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Jesus tells us, “Unless your צֶדֶקה  surpasses that of the grammarians and Pharisees/Separate Ones, you will not enter into the kingdom of heaven.” What follows is a heightened sense of community, where all look past differences and strive to be a complete family, knowing they have to live in the same oikonos, economy, house, so might as well strive to get along. The Hebrew word for “Separate Ones,” is “Pharisee.” It follows that Hebrew has two words for “Separate,” one of which is Pharisee/פרוש/Perez. The other is צֶדֶקה which means “Holy.” Pharisee/פרוש/Perez mean separate from. צֶדֶקה/Holy means separate to, separate to God’s work of guarding and keeping his garden/his planet, which includes each other.

“I am the Personal Name your Almighty Judge, who brought you out of the land of Oppression, out of the house of menial labor.” Jewish Passover tradition emphasizes how the Jewish community is to remember what it was like to be there, for the first time, each time, they celebrate the feast. Our concept of the Physical Presence comes from this understanding.

The Jewish concept of Justice/ צֶדֶקהand its concept of קדוש is based upon this salvation experience. They remember what it was like to suffer, and they remember our rescue. This causes a response of gratitude which tells them, and through the Eucharist, us, how to respond when we see others suffering. We become so enmeshed in helping each other; we do not have time or inclination to violate any of the Ten Rules, which follow.

Mark 2 tells us the Haggadah about the healing of the paralytic. Jesus asks the Separate Ones, “What is easier to say… or …” The power is not in the words, the flapping of the gums, the vibration of the windpipes, or how our tongue roles in our mouths. The power comes from the heart. Scholars argue about just what this child did that made him a paralytic in the first place.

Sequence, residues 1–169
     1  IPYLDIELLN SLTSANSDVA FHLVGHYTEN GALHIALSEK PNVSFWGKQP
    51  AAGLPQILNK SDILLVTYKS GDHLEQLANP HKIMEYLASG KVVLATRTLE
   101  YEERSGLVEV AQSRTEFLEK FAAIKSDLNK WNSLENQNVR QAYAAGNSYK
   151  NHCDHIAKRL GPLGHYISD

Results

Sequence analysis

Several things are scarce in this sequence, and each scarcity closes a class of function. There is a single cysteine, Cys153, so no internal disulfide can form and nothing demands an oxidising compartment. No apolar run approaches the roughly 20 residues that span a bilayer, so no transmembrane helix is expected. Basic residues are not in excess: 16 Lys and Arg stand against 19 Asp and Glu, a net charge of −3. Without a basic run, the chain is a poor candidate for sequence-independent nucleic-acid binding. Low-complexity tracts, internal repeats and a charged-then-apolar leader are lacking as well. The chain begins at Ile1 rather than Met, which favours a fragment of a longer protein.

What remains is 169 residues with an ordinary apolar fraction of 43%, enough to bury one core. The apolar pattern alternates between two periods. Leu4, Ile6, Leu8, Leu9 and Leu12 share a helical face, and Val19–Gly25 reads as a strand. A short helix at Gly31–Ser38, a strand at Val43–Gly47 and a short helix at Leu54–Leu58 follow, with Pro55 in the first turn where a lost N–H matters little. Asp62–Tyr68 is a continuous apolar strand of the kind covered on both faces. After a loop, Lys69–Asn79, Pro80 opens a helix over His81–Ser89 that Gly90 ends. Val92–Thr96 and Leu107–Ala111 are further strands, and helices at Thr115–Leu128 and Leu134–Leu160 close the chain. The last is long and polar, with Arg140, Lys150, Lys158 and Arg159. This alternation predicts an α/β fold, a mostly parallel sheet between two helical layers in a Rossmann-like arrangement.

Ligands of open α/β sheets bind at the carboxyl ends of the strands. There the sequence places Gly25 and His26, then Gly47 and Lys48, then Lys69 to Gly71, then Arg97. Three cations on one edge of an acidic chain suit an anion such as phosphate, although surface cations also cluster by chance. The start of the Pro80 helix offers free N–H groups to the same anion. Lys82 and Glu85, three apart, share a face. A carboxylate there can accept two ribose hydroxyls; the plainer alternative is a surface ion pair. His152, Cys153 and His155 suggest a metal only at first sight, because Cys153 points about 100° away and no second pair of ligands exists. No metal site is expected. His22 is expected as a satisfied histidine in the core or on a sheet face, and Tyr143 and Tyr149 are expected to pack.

After studying Semitic literature, the strongest possibility is nothing at all, or at least nothing worse than any other child his age. John 9 is a typical Semitic story relating what sin causes their suffering. The lesson is that there is not necessarily any sin at all. Our paralytic could be a victim of child abuse, nothing more.

If the child is a victim of child abuse, this child has to believe several things in order to walk again. He must believe Jesus has the ability to forgive him of whatever he did wrong. He must believe Jesus can heal whatever physical problem causes his paralysis. Last, and most important, he must believe that whatever caused him to fail in the past is gone. This brings us back to those choices Jesus gives his adversaries.

The first choice, “Your failures are forgiven,” is a statement of empowerment. “Whatever you did wrong in the past is in the past.” His sense of gratitude will lead him in the direction he must follow next. The second choice, “Pick up your mat and go home,” is just that; it is a direction to pick up his mat and go home, at which point, with no direction, he is no longer empowered. Afraid of more abuse, he becomes paralyzed again. The patronizing attitude of the Separate Ones and their assumption that if he is forgiven, he must have done something wrong, only exasperates the paralyzing (pardon the pun) sense of guilt.